Goldman Sachs, the investment bank, today announced that its second quarter earnings rose to $3.44 billion, and that it had put aside $11.4 billion for salaries, bonuses and benefits in the quarter, up by nearly half from a year ago.
At that rate, Goldman employees could, on average, earn roughly $770,000 apiece this year — or nearly what they did at the height of the boom.
Senior Goldman executives and bankers would be paid considerably more. Only three years ago, Goldman paid more than 50 employees more than $20 million apiece. In 2007, its chief executive, Lloyd C. Blankfein, collected one of the biggest bonuses in corporate history -- nearly $70 million. The latest headline results — $3.44 billion in profits — were powered by earnings from the bank’s secretive trading operations and exceeded even the most optimistic predictions.
Many analysts were surprised that Goldman posted such hefty prospects, especially since it was only last month that Goldman repaid the $10 billion that it received from the U.S. Treasury Department in October. Although it is widely believed that Goldman was required to take the funds, even though they probably didn't need the extra capital.
Megan McArdle comments on why these profits shouldn't have come as such a surprise:
This is not actually hugely surprising, given that three of their biggest competitors went out of business or were acquired in the last year; as financial markets unfroze, Goldman, which had one of the cleanest balance sheets, was bound to see a hefty increase in their profits.Goldman's stock price has also rebounded nicely, up about 77% since the beginning of the year. (Dammit, should've bought it!) It also turns out that by paying back the TARP monies last month, Goldman also freed itself from any government interference into their compensation practices, thus allowing Goldman to freely pay its employees these nice little bonuses.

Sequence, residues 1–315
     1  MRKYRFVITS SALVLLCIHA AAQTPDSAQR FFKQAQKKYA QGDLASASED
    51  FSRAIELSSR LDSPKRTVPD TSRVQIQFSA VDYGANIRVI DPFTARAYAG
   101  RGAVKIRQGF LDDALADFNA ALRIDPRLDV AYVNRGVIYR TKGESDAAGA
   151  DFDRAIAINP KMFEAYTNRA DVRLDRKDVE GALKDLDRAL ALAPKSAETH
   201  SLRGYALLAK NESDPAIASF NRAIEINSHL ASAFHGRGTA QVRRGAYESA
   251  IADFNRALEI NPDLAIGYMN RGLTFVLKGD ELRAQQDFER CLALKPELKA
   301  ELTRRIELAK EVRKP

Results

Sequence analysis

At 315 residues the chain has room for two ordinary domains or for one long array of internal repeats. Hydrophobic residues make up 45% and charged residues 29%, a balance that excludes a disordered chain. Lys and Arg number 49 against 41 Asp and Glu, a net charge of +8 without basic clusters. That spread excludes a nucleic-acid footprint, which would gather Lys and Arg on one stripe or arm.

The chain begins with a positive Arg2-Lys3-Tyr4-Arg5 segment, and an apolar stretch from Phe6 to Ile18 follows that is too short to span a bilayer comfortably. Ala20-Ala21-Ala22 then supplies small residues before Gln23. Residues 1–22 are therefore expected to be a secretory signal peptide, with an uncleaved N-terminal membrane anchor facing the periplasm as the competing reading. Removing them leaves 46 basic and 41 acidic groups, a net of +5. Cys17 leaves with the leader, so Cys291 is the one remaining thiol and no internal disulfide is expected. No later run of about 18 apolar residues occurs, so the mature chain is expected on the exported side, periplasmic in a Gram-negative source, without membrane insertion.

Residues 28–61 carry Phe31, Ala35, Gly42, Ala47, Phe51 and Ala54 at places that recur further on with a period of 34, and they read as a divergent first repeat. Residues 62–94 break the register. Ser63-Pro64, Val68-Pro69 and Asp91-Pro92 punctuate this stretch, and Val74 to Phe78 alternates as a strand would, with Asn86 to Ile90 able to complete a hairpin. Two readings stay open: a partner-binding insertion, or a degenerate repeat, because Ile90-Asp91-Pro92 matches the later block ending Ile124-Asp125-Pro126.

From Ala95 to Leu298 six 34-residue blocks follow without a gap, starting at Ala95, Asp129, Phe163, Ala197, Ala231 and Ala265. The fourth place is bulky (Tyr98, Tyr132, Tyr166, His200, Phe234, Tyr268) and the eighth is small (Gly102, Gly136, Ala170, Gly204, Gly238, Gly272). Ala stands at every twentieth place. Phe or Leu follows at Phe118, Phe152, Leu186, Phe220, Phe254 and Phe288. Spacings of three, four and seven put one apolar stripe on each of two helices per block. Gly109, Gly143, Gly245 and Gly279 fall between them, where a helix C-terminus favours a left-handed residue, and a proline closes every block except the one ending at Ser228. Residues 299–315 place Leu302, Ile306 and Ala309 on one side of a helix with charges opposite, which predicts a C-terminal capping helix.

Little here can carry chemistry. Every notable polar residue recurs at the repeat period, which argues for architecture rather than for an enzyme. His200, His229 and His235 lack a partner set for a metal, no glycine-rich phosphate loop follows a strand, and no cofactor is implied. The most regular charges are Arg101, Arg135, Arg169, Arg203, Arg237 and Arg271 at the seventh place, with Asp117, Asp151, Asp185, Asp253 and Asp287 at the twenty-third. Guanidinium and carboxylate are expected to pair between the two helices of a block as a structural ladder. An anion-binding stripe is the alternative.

Many are up in arms about paying these people so much money, even if they did as well as it seems they did this past quarter; McArdle addresses a bit of this in her post. But what are we supposed to do? Have the government intervene again, this time to cap pay inside a private corporation that made record profits, just because they made record profits while the rest of the economy is still tanking and unemployment is about to cross 10%?
I don't think that'd be a good idea; we already set a pretty bad precedent by bailing out the banks in the first place, even though it was probably needed to restore market confidence and recapitalize institutions that were in trouble. Further meddling, especially into the compensation practices of a financial firm not under government ownership, would be setting another bad precedent.